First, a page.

https://www.newsday.co.zw/2015/03/05/audio-angry-farmers-disrupt-tobacco-auctioning/

          It’s tough enough having to live under a despot in Zimbabwe. 60 cents a kilo’s a jolly good reason to pack it all in, add to that the Zimbabwe government’s slapped a 1.5% tax on the stuff to finance a “reforestation programme”.

          That in turn was caused in part by Mugabe encouraging peasants to clear land to which they would get title if they stayed there for x number of years.

          So yes, you’re correct:

          the political system stinks EVERYWHERE and in Every Country.

          (sadly this’ll come up out of context, it relates to your comment of 4.45)

  4. waltc says:

    OT bu thought this might interest you. Experts squabble over Pluto’ s status. Apparently this “debate isn’t over”

    http://www.popsci.com/pluto-has-atmosphere-moons-and-maybe-geological-activity-can-we-call-it-planet-now

  5. Rose says:

    I just wonder how the smuggling is done. Do they bring in container trucks full of cigarettes and hope to not get caught? Or do they land them in dead of night in one of Ireland’s many hidden coves? Or do they fly them in by plane, and drop them by parachute in remote areas?

    IF you wake at midnight, and hear a horse’s feet,
    Don’t go drawing back the blind, or looking in the street,
    Them that ask no questions isn’t told a lie.
    Watch the wall my darling while the Gentlemen go by.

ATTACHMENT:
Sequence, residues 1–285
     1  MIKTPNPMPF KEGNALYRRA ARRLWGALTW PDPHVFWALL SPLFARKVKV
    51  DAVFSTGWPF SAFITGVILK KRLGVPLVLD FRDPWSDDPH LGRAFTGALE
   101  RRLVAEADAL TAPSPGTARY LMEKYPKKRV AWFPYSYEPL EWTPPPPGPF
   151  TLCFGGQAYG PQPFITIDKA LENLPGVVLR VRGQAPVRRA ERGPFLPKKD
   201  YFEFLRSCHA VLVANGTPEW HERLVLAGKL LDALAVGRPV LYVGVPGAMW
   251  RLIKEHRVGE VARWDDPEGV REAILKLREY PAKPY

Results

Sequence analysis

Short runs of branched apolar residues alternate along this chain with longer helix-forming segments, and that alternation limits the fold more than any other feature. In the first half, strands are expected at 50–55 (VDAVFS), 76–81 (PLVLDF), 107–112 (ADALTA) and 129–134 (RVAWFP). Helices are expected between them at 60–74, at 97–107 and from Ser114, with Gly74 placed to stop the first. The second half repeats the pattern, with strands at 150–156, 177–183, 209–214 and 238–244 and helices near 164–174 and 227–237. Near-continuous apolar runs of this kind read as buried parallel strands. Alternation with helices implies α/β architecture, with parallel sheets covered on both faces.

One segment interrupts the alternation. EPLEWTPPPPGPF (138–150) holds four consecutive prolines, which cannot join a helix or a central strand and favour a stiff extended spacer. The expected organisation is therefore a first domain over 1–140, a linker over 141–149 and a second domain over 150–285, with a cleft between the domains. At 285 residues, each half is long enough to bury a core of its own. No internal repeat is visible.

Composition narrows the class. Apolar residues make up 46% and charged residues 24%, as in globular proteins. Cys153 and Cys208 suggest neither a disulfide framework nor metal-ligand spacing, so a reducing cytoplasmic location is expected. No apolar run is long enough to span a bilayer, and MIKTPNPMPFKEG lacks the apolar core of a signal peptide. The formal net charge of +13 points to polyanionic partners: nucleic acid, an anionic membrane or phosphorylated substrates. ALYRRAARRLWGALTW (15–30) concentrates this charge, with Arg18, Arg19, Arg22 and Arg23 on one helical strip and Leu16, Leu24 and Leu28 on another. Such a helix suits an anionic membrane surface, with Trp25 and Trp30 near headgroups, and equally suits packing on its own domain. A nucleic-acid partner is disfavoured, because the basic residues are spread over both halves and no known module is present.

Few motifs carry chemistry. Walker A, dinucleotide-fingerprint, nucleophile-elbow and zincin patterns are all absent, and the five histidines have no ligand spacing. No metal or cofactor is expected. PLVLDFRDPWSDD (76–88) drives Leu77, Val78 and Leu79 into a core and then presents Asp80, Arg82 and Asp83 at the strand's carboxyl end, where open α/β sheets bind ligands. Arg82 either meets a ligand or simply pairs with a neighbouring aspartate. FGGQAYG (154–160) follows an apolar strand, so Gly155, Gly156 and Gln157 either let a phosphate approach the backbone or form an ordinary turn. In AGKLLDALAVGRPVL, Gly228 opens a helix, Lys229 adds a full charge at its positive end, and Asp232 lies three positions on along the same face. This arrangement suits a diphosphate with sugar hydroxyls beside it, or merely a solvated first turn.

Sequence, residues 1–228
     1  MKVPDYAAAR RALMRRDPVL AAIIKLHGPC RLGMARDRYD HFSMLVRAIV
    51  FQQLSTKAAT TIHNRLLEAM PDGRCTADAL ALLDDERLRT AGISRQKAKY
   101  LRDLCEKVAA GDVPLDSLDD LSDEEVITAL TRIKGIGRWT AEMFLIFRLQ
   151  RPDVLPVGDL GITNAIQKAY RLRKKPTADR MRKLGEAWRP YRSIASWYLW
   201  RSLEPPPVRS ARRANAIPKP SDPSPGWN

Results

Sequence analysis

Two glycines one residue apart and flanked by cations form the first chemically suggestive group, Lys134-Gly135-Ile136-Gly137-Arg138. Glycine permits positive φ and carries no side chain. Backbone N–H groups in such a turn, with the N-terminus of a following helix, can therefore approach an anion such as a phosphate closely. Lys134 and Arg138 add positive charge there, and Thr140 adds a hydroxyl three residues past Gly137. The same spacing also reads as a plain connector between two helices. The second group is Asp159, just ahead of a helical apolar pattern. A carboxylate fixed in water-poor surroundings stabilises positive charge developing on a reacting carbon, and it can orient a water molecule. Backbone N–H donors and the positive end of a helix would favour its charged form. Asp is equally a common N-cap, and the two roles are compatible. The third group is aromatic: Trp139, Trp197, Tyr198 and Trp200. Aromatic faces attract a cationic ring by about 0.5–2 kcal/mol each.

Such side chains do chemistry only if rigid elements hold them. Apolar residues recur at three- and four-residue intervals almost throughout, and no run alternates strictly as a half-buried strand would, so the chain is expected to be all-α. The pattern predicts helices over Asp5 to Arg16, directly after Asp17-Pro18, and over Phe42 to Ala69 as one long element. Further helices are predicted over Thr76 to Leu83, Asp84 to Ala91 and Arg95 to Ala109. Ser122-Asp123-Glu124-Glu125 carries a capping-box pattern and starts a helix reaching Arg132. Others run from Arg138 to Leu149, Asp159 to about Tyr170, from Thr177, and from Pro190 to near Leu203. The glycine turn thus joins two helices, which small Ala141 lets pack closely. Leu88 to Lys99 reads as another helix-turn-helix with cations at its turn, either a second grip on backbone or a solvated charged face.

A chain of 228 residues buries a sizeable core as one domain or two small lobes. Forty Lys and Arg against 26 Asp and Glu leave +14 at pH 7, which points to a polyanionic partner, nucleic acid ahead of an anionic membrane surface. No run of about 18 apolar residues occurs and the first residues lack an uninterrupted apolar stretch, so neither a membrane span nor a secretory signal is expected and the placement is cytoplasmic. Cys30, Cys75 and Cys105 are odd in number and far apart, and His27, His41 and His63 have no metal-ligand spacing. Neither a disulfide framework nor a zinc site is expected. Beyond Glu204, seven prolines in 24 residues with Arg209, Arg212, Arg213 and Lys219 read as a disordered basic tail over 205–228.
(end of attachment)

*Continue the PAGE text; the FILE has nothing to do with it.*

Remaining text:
Five and twenty ponies,
    Trotting through the dark –
    Brandy for the Parson, ‘Baccy for the Clerk.
    Laces for a lady; letters for a spy,
    Watch the wall my darling while the Gentlemen go by!

    Running round the woodlump if you chance to find
    Little barrels, roped and tarred, all full of brandy-wine,
    Don’t you shout to come and look, nor use ’em for your play.
    Put the brishwood back again – and they’ll be gone next day !

    If you see the stable-door setting open wide;
    If you see a tired horse lying down inside;
    If your mother mends a coat cut about and tore;
    If the lining’s wet and warm – don’t you ask no more !

    If you meet King George’s men, dressed in blue and red,
    You be careful what you say, and mindful what is said.
    If they call you ” pretty maid,” and chuck you ‘neath the chin,
    Don’t you tell where no one is, nor yet where no one’s been !

    Knocks and footsteps round the house – whistles after dark –
    You’ve no call for running out till the house-dogs bark.
    Trusty’s here, and Pincher’s here, and see how dumb they lie
    They don’t fret to follow when the Gentlemen go by !

    ‘If You do as you’ve been told, ‘likely there’s a chance,
    You’ll be give a dainty doll, all the way from France,